Decoy Effect: When we are choosing between two options, introducing a third option can cause shifts in our preference between the first two items.
When we are choosing between two items, introducing a third and less attractive item (the decoy) can influence our perception of the original two choices. The decoys are asymmetrically dominated, meaning they are entirely worse than one option but only partially worse than the other. A famous example of the decoy effect was The Economist subscription page a few years ago. They offered three annual subscriptions at the following prices:
- Website-only subscription: $59
- Print-only subscription: $125
- Print+Website subscription: $125
The decoy was the second option (print-only) because it was completely inferior to the third option (print+website). MIT Professor Dan Ariely divided his students into two groups and conducted an experiment. When he hid the second option and only offered website-only and print+website options to the first group, 32% of people chose print+website, and 68% chose website-only. However, when the second option (decoy) is offered, the ratio of people who picked print+website increases to 84%, and the ratio of people who chose website-only drops to 16% (0% chose print-only).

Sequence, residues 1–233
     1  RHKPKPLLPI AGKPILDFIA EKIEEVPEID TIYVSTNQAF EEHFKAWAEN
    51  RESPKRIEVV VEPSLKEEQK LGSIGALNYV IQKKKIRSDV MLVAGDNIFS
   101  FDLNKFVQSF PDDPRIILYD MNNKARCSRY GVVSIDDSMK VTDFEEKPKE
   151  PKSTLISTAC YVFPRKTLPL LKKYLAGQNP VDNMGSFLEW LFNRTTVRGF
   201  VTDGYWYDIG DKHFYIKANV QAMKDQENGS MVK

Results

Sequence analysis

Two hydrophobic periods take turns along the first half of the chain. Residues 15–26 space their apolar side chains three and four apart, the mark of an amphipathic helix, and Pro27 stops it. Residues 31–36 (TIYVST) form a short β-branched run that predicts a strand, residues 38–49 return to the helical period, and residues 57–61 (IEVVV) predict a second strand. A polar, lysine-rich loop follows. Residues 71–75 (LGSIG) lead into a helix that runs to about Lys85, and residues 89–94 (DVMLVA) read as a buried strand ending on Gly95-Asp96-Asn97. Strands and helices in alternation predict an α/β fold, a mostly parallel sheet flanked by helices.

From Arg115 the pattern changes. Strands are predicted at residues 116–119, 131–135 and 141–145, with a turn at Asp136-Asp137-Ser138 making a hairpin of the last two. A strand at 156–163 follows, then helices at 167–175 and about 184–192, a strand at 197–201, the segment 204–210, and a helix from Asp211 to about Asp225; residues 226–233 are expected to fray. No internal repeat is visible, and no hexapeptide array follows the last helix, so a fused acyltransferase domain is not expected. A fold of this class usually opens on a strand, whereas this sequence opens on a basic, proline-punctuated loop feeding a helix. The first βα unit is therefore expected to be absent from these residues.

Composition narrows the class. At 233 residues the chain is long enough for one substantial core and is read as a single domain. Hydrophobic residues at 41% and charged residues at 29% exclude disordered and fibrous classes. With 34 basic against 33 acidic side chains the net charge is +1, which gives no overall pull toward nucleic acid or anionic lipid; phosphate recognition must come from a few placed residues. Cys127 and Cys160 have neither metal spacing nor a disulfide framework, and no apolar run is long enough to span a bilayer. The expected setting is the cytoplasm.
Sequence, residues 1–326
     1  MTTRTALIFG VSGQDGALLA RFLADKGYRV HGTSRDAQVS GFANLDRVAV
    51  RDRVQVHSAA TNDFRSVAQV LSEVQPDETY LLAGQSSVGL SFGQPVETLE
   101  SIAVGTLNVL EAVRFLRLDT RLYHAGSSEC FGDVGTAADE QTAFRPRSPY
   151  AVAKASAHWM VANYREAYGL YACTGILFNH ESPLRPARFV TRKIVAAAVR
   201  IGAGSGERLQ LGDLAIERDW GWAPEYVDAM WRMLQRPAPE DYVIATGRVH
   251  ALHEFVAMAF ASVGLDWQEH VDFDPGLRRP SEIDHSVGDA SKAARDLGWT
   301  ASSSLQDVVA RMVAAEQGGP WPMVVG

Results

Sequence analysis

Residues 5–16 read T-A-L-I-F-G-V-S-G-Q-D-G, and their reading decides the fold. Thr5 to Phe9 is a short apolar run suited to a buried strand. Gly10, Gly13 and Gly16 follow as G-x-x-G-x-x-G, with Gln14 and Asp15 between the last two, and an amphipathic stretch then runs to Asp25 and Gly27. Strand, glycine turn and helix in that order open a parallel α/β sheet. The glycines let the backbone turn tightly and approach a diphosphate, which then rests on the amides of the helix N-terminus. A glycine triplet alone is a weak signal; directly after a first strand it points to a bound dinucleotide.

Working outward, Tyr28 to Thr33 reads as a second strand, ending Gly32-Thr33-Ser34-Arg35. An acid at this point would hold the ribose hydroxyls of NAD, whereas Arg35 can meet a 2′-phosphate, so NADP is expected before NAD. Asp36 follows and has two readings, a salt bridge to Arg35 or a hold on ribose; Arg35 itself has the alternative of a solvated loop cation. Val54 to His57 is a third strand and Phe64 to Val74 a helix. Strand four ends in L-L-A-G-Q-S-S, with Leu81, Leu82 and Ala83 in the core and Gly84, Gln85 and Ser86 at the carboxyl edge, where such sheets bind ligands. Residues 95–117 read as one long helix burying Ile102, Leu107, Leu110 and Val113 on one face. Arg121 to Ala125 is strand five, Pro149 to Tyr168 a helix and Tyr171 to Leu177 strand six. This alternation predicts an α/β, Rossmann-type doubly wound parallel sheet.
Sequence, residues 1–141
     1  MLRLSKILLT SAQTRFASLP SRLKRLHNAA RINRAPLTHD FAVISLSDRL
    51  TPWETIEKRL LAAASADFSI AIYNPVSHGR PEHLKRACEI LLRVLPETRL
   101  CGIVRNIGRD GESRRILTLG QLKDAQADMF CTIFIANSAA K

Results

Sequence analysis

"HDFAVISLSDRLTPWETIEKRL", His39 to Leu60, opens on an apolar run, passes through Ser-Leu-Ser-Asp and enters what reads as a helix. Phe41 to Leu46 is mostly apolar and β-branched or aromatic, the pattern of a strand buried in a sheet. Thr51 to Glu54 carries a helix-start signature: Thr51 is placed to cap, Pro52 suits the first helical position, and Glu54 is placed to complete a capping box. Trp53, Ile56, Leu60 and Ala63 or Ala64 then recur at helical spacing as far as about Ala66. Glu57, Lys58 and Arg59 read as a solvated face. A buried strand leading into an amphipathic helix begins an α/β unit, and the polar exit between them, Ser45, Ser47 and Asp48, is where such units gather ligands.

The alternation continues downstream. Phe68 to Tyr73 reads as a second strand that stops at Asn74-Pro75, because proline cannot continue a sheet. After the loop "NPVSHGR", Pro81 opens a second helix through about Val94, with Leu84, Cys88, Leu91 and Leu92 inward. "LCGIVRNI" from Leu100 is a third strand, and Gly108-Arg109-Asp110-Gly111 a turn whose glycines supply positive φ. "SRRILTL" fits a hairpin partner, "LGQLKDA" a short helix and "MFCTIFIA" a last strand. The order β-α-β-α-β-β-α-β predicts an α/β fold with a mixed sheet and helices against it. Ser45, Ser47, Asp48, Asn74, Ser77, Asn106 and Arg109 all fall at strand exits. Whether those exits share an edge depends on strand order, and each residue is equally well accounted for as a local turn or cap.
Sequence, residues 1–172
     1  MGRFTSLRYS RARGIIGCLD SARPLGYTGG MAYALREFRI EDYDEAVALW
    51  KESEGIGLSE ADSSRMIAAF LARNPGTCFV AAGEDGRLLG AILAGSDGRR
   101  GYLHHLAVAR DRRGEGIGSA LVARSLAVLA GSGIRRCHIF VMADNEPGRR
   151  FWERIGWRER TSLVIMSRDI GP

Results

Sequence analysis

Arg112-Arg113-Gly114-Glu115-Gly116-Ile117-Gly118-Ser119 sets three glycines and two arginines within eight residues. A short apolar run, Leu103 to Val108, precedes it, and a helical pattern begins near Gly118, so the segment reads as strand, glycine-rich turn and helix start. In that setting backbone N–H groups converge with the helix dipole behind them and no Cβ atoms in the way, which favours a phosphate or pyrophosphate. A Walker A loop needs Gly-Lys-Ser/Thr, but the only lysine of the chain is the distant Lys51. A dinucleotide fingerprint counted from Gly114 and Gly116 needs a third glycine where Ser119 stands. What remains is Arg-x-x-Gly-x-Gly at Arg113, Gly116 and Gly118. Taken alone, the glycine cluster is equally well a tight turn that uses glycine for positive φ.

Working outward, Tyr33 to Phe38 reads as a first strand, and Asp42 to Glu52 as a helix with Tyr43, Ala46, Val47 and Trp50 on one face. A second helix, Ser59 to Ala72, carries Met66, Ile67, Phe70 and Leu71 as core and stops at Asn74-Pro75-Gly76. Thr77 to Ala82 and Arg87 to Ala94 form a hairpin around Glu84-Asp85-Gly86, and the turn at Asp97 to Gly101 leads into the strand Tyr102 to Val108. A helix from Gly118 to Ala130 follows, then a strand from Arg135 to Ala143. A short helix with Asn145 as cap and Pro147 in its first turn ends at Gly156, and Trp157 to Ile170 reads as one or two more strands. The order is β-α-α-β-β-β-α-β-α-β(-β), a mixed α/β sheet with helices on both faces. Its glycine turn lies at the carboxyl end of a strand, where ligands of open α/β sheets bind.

Why the additional decoy shifts the preference between options? It's a lot easier to choose when we compare similar things. Our brain can quickly evaluate the differences as opposed to when options are different.
Dan Ariely explained in his talk:
"The option that was useless was useless in the sense that nobody wanted it. But it wasn't useless in the sense that it helped people figure out what they wanted. We actually don't know our preferences that well, and because we don't know our preferences that well, we're susceptible to all the influences from external forces."